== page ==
15th of May 2018

By Professor Jenni Romaniuk Associate Director (International) Ehrenberg-Bass Institute
Published by UniSA News See original article

The Four Commandments: future proofing a brand’s identity

Think of M&M’s and you get an instant visual image of the characters Red and Yellow; a flash of bright green in the haircare aisle can draw you to Fructis; and when I write the words ‘Aussie kids are….’ a good number of you would have finished that sentence in your mind without prompting (probably also with the music to accompany it!).

Each of these factors are Distinctive Brand Assets. They’re the non-brand-name aspects of a brand that form its identity. Built up over time and embedded in your memory, Distinctive Assets trigger the brand in the minds of buyers and help them identify the brand with ease – online, in-store, in the street or on your phone.

Distinctive Assets are created by the brand’s marketing activities, and when done well—like M&M’s, Fructis and Weet-Bix—they can activate a rich vein of thoughts. Yet there are also risks. The appeal of Distinctive Assets can lead marketers to make poor choices about assets for their brand, particularly when they’re considering (or have been told) it’s time for a change.

The following four commandments help you focus on the important, and avoid some common traps that damage the brand.

Commandment 1: Choose wisely

Cadbury logo
Cadbury fiercely protects its distinctive purple colour.

Building strong Distinctive Assets is a difficult task, and it’s important to identify which of your assets you should focus on. Avoid assets with pre-existing mental competition – such as those that link to competitors or already have a strong meaning that is not the brand name – these will compete for retrieval and will make it very difficult for a brand to own the asset. Don’t abandon usable assets without a strong, evidence-based, reason. Remember, if you (or buyers) are bored with an asset, this just means you need better creative talent.

Commandment 2: Prioritise smartly

Nike logo
The Nike ‘swoosh’ is the epitome of a symbolic shape Distinctive Asset

Focus on one Distinctive Asset at a time. This means setting realistic goals about the number of assets to build. By tackling Distinctive Asset building in waves, you make your job easier over time, as building one strong Distinctive Asset gives you an anchor on which to base the next. Remember one strong asset is worth ten average ones.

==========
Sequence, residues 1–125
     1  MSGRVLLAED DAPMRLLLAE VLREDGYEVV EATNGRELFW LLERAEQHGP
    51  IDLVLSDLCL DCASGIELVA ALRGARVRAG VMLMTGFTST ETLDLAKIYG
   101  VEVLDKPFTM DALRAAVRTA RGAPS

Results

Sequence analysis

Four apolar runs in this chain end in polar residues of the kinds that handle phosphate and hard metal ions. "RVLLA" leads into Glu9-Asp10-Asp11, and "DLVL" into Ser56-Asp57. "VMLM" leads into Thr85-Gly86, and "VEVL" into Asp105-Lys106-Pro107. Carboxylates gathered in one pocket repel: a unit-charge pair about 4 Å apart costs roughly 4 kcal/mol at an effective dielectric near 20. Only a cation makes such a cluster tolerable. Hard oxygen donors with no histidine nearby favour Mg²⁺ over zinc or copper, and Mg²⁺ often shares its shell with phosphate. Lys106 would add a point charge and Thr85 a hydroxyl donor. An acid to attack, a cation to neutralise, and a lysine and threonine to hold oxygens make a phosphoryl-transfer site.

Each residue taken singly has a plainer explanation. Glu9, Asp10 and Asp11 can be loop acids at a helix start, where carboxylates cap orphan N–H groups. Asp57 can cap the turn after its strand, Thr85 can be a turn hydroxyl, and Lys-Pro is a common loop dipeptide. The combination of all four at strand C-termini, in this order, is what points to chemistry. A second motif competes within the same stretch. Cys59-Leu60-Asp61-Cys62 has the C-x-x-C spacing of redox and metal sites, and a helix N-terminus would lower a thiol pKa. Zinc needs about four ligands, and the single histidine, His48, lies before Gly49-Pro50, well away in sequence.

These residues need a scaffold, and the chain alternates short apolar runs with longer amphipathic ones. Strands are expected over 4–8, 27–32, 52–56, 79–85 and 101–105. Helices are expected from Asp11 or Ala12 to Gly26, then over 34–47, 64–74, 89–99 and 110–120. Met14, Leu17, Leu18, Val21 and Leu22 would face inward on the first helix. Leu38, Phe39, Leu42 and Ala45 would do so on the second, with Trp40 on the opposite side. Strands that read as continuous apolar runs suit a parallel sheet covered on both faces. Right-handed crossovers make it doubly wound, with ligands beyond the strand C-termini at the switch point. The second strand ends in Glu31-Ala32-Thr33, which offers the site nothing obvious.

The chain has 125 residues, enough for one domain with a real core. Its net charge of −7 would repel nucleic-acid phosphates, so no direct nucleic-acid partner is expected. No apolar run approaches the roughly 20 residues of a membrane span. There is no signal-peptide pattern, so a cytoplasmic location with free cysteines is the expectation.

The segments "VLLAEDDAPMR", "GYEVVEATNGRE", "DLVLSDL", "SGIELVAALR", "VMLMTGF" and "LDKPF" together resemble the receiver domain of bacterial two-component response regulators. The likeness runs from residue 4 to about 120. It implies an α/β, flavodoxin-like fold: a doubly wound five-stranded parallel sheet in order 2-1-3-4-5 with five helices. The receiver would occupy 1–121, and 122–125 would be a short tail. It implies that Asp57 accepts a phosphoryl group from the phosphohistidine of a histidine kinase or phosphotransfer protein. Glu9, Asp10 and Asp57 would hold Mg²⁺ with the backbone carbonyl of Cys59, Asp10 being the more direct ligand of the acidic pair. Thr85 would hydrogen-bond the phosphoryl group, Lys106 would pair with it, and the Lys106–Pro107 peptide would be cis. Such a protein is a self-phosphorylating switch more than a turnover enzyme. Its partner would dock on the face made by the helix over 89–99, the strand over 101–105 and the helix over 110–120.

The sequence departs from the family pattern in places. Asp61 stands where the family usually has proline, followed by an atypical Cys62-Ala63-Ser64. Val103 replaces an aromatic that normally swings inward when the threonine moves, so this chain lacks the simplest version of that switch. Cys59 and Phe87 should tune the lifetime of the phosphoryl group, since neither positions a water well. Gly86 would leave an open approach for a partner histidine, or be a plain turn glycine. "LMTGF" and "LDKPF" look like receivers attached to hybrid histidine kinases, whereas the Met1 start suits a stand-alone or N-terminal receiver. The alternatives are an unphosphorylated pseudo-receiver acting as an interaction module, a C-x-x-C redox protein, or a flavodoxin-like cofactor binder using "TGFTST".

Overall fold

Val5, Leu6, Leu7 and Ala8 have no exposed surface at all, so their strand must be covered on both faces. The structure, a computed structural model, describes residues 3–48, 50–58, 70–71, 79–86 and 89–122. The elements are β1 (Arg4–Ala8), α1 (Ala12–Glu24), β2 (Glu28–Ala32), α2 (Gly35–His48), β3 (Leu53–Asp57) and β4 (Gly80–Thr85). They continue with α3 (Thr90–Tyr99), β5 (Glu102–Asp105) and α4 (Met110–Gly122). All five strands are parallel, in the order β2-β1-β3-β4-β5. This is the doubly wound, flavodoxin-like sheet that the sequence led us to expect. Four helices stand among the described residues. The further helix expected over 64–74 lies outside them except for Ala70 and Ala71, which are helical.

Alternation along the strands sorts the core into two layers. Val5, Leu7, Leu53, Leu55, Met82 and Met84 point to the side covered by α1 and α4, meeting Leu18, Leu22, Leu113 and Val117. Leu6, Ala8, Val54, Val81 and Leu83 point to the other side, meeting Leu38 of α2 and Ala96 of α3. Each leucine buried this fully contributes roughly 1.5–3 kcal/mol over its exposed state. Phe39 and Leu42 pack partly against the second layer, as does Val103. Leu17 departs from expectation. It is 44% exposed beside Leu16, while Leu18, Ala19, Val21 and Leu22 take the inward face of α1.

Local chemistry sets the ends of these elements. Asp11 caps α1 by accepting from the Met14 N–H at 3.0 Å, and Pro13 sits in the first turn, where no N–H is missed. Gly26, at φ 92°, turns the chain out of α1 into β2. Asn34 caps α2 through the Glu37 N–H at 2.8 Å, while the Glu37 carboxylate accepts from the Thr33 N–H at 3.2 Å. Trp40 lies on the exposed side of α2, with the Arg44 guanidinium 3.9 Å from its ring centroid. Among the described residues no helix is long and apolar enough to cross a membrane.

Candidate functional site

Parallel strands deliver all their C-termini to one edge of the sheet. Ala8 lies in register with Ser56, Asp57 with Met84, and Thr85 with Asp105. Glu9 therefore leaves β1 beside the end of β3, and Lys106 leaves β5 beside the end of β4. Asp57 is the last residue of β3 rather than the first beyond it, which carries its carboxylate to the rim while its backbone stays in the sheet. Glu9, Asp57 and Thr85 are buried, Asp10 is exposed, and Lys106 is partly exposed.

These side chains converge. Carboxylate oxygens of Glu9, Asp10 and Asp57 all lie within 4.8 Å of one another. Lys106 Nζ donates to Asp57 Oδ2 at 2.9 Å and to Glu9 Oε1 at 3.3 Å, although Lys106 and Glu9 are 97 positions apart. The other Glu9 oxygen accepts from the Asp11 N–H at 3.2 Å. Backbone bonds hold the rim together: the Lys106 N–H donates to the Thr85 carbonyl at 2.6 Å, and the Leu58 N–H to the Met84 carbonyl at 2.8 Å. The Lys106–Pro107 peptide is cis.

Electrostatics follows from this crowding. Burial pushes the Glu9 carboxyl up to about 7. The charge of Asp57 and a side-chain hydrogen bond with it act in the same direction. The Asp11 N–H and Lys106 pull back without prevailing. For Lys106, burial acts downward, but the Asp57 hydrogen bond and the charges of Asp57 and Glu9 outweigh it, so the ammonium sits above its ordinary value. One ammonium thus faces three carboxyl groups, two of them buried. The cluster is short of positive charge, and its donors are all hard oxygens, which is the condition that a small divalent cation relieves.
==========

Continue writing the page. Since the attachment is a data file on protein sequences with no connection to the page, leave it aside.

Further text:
Commandment 3: Execute well

Distinctive Assets become strong when they’re known by all category buyers. This happens faster if your asset-building activities are prominent and widespread. Unfortunately, many brand assets languish in the background if they’re not well-developed or promoted. Having a brand presence is not enough – you also need good quality execution for the asset to work its magic.

Commandment 4: Resist change

Coca-Cola logo
Coca-Cola is synonymous with the colour red and its trademarked font.

Consistency is crucial. When a brand’s assets have been embedded for a while, it can be tempting to tinker with them. Don’t. Changing your brand’s identity is like inviting someone around for dinner, and then moving house without telling them. This doesn’t mean you should never change an asset, it simply means switch your default answer to ‘no’ and demand a high bar of evidence when you switch to ‘yes’. Treat every moment where the asset is present as a ‘do or damage’ moment as this will reduce the number of unnecessary, costly (and damaging) changes that you could do to your brand’s Distinctive Assets.

Following these four commandments will help you make smart decisions when building your brand’s Distinctive Assets, and importantly, protect those that the brand already has, so they will be around for the long term.

New book

For more information on brand management and distinctive assets you can read Prof Romaniuk’s new book Building Distinctive Brand Assets.

Prof Romaniuk’s new book Building Distinctive Brand Assets.

Read the original article in UniSA News.

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